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I recently watched Victoria and Abdul – what a moving film, for many reasons. The elderly queen was lonely, depressed and wanted someone to treat her as a friend, not just a monarch. I know Victoria had a controlling, cold mother, and lost her father at a young age. She was moulded to be a monarch, as her uncle (William IV) was childless. She was, by many accounts a passionate woman, but unstable (as were many in her family). When her adored husband died young Victoria never got over it, but as she aged and times changed she became more and more separated from her people, and a stable, happy life. In her last few years a young, handsome Indian gentleman became her friend and mentor. This was NOT popular at court. He was a commoner, he was Indian and he was a Muslim. None of which were deemed suitable for the Queen. Victoria, basically, told her family to mind their own business – she liked Abdul Karim – he made her happy and made her laugh. He taught her Urdu, a liking for curry and some Indian history (albeit a little embellished).
Victoria accused the household of racism – which was probably a well-founded accusation at the time. The servants took umbrage that this ‘coloured’ servant was receiving favours and honours above the white household.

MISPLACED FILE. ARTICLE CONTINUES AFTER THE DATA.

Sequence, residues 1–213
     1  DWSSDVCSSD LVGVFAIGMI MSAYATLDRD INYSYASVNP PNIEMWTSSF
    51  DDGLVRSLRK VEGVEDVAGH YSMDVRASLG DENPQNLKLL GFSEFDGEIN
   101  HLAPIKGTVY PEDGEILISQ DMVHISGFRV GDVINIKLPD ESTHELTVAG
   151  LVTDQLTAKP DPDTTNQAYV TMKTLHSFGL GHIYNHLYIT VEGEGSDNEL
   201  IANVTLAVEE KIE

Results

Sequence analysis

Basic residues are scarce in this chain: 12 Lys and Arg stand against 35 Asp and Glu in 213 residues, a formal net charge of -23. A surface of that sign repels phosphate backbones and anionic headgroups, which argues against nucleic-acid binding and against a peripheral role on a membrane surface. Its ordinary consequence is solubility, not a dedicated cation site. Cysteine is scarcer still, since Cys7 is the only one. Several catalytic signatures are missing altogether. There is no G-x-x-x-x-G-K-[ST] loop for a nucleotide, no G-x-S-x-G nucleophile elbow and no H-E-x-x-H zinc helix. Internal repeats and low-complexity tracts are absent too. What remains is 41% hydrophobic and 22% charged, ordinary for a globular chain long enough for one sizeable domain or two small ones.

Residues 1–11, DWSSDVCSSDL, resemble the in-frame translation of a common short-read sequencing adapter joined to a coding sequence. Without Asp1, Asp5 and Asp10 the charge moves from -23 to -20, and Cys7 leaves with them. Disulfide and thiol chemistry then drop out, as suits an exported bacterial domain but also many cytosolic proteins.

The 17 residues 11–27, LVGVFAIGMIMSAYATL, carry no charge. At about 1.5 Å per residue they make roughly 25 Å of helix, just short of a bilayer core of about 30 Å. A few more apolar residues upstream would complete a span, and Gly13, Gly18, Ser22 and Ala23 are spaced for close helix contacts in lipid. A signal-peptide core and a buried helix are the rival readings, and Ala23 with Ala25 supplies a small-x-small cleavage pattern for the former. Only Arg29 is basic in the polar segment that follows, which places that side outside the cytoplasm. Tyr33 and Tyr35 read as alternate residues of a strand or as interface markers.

The British behaviour in India – that’s another story entirely – but there were some rather despicable practices, and attitudes happening.
When the Queen died Mr Karim was packed off back to India in all haste, and everything connected to his life and friendship with the Queen destroyed. (Except his own diaries.)
Judi Dench was fantastic as Victoria and, surrounded by a notable cast, really brought home the loneliness and separateness the monarch had then. She was a lonely old woman, with no real friends, and he was a clever young man who wanted to please this woman he revered. It was an unlikely friendship but for that it was special. Despite the class, racial, religious, and age difference two people found companionship. For over a decade they remained close, despite the family and household’s best efforts.
Queen Victoria is often seen as the epitome of staid and upright morality – and to an extent she was – or her name was. But she was still a woman and a woman who needed company.  Much of her life was unhappy, marred by duty and service and influenced by grief.
I heartily recommend this film and further research on this extraordinary friendship.
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